Goddard owned a lot in a residential subdivision within the city limits of Decatur. Irby bought an adjacent lot. After obtaining a building permit from the city and a joint driveway easement from Goddard, Irby began constructing townhouses on the lot, in conformity with the building permit and the zoning classification. After construction had begun, Goddard filed suit against Irby, seeking a temporary restraining order to enjoin further construction. He sought damages, in the alternative, for interference with an easement which he claimed in Irby's property. The third count of the complaint sought abatement of a public and private nuisance. A temporary restraining order was denied, and Irby subsequently moved for summary judgment, which was granted. Goddard appeals from the granting of Irby's motion.
Goddard states in his brief that there is no dispute concerning the facts, and the issues on appeal are summarized below.
1. Whether Goddard had an easement of light and air in Irby's property.
Goddard failed to meet the statutory requirements for an implied easement of light and air.
provides as follows: "A right to an easement of light and air passing over another's land through existing lights or windows may not be acquired by prescription; but, when a person sells a house and the light necessary for the reasonable enjoyment thereof is derived from and across adjoining land belonging to such person, the easement of light and air over such vacant lot shall pass as an incident to the house sold as being necessary to the enjoyment thereof." Our cases have interpreted this right as existing as of the time the house is sold (with the adjoining property vacant) not as coming into being at some later time. See S. A. Lynch Corp. v. Stone, 211 Ga. 516 (87 SE2d 57) (1955)
(no easement where hotel later replaced) and Smyth v. Nelson, 135 Ga. 96 (68 SE 1032) (1910)
(church has no easement of light and air in adjoining property when house existed on adjoining property at time church was built, though new house obstructs church's view more than original house).
The facts in this case show that the common grantor sold the Irby property before he sold the Goddard property. Thus the common grantor could not have conveyed an easement in the Irby property with the sale of a house on the Goddard lot. Additionally, Goddard's lot was vacant when the common grantor sold it, so the statutory easement could not arise. (This is deemed as factual by Goddard's failure timely to deny a request for admission.)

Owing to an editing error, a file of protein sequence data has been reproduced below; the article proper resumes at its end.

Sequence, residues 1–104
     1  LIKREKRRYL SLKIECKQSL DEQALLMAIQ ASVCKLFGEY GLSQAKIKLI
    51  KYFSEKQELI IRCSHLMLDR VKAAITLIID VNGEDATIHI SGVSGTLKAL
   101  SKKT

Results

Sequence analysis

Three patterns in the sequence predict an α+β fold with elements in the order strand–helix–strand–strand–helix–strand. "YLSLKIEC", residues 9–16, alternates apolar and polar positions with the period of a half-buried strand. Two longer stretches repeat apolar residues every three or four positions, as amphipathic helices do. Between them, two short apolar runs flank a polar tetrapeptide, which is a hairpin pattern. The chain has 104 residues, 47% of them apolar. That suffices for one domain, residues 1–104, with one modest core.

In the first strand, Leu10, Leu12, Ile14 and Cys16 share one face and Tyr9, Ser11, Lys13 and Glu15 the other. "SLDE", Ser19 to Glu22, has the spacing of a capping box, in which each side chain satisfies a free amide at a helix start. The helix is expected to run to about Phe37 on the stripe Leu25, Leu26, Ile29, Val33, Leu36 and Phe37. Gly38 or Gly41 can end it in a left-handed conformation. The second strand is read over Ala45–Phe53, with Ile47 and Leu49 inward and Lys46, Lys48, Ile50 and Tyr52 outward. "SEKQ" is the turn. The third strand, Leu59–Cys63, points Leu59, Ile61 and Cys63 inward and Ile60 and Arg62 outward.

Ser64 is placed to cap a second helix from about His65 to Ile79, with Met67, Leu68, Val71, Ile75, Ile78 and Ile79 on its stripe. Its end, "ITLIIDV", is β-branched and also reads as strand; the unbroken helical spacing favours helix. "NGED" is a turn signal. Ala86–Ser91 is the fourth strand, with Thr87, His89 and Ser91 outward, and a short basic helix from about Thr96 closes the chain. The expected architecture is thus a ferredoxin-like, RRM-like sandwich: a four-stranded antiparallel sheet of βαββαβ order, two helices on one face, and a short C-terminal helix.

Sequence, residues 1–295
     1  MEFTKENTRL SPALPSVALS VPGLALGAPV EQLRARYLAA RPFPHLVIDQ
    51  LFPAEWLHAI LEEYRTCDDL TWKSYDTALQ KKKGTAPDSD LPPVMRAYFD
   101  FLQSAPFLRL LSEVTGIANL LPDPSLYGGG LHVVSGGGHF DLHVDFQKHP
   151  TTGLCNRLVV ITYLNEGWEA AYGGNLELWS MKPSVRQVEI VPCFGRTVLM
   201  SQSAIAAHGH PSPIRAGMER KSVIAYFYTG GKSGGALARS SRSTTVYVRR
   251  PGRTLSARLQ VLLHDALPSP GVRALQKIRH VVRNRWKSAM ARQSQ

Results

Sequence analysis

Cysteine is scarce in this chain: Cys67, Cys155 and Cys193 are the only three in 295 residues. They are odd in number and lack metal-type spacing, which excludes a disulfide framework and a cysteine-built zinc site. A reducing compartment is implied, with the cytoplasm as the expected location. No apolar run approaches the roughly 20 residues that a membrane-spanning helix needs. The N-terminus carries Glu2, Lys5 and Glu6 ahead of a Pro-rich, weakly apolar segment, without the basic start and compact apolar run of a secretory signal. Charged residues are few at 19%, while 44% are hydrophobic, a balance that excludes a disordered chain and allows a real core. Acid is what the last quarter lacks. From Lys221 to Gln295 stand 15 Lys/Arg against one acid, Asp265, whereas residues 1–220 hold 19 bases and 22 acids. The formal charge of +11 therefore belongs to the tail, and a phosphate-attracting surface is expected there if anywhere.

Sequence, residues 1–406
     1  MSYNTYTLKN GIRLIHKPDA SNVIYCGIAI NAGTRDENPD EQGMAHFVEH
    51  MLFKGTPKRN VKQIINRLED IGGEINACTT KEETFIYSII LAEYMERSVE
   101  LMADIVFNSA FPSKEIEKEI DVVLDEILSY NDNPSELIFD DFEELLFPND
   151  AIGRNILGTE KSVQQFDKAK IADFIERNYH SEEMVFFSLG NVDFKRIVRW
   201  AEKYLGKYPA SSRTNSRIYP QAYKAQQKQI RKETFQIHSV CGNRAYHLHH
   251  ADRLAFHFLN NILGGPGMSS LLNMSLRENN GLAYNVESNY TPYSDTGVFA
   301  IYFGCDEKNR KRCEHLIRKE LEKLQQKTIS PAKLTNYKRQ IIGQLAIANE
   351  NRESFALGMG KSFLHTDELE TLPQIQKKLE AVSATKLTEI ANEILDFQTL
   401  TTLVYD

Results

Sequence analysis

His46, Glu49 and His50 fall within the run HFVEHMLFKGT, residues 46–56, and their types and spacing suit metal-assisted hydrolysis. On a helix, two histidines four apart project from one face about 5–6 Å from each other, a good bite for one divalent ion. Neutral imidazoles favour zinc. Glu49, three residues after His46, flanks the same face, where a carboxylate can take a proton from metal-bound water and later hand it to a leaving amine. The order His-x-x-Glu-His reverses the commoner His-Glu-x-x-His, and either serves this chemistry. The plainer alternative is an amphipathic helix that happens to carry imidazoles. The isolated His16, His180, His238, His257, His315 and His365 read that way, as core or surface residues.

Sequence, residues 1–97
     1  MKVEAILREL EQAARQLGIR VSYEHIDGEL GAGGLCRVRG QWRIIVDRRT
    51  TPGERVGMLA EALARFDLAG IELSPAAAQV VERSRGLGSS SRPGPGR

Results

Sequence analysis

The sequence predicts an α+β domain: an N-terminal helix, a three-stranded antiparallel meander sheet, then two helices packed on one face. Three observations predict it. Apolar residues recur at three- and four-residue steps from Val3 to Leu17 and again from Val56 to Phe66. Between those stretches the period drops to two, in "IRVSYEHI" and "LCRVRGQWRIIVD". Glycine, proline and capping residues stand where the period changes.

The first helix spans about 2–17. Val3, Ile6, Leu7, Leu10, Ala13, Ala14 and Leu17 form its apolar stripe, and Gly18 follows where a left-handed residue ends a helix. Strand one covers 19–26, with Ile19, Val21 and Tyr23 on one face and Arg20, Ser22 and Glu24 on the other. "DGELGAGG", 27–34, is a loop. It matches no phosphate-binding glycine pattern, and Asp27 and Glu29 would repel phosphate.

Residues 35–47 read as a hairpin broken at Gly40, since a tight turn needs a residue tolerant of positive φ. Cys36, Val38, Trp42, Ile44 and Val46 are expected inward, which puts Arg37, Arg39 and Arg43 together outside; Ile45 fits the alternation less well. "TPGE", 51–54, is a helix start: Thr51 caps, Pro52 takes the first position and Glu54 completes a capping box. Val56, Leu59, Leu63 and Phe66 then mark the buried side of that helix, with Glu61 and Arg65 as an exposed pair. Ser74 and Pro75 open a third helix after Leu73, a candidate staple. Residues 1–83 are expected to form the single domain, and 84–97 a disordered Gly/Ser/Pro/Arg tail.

The trial court concluded correctly that Goddard did not have an easement of air and light in Irby's property.
2. Whether a setback restriction in Irby's deed was enforceable.
The restrictive covenant relied upon by Goddard is unenforceable under OCGA 44-5-60
Irby's deed contains this recitation: "This conveyance is made subject to all agreements and restrictions of record. . . ." However, the restriction "of record" is contained in the deed to Irby's remote grantor, dated 1925. Because the city of Decatur has zoning laws, as Goddard admits, OCGA 44-5-60
(b) limits the enforceability of such a restriction: "[C]ovenants restricting lands to certain uses shall not run for more than 20 years in municipalities which have adopted zoning laws . . ." This statute includes building restrictions as well. Payne v. Borkat, 244 Ga. 615 (261 SE2d 393) (1979)
. Irby's "restriction," then, expired in 1945.
The trial court could conclude properly that Goddard has no easement in Irby's property.
3. Whether the construction of townhouses constituted a private nuisance to Goddard.
defines nuisance in part as follows: "The inconvenience complained of shall not be fanciful, or such as would affect only one of fastidious taste. . . ." Goddard's only assertion of nuisance is that the construction of the townhouses would lead to an increase in traffic congestion in front of his property. The trial court could conclude properly that this assertion of harm was fanciful.
A. Joseph Nardone, Jr., for appellees